Home. Yay! We’re going home! My heart jumps. But instead of driving away from the old wooden house, he opens his car door and gets out. Mom follows. They head to the back of the car to open the trunk.
Emily leans over toward me, and whispers, “I heard them talking last night. Uncle George used to be married to Mom’s sister.”
“Mom has a sister?” I’ve never heard of Mom’s sister before.
“Shhhh. Had a sister.”
“Did you know her?”
“No. Her name was Annabelle or something like that.” Emily’s voice changes as her whisper becomes a shout. “Lucie, let me help you with, um, Oliver.” I look up to see Mom standing near my door.
“I have him. You can take this.” I dump my overnight bag on her lap.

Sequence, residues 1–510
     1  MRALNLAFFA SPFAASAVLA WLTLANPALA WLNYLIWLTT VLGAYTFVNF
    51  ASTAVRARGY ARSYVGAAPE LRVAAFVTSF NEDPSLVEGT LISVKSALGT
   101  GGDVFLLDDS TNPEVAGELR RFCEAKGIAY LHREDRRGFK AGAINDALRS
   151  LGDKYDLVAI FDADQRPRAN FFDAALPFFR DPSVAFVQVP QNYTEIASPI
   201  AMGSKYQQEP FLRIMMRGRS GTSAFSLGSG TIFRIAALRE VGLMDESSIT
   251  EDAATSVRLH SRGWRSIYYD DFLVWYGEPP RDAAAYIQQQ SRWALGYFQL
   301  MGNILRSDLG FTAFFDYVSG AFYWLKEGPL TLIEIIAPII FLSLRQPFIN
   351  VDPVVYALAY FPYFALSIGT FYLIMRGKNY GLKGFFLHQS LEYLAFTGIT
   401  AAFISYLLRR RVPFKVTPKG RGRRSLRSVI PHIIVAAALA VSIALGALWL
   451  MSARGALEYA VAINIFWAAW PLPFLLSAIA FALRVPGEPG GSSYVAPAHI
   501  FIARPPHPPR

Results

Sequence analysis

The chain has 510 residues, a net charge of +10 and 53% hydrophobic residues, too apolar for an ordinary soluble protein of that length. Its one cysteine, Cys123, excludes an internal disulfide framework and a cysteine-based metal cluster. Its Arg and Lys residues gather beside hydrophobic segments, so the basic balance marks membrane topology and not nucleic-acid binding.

“Okay,” says Emily. She slings the bag over her shoulder and staggers out of the car.
Mom, Dad and Emily have gathered next to the car.
I walk up to the trio of traitors and we move as a group toward the house. The door is dark red and slightly shiny, as if it had recently been painted. Dad looks for a doorbell. He doesn’t find one, so he knocks on the door. Faint traces of red paint bleed from the door to his knuckles. We wait. Dad knocks again.
“He did know we were coming today, right?” he asks Mom.
“Of course. Maybe he’s upstairs or out back or somewhere that he couldn’t hear the door very well. Go ahead. Knock again.”
Dad raises his hand to knock again, but before his knuckles rap the wood, the door swings open. In the doorway stands a girl with pale skin, huge green eyes, long dark lashes and super-short, black curly hair. She’s wearing a black sundress and no shoes. Mom and Dad are abandoning me at Freaksville!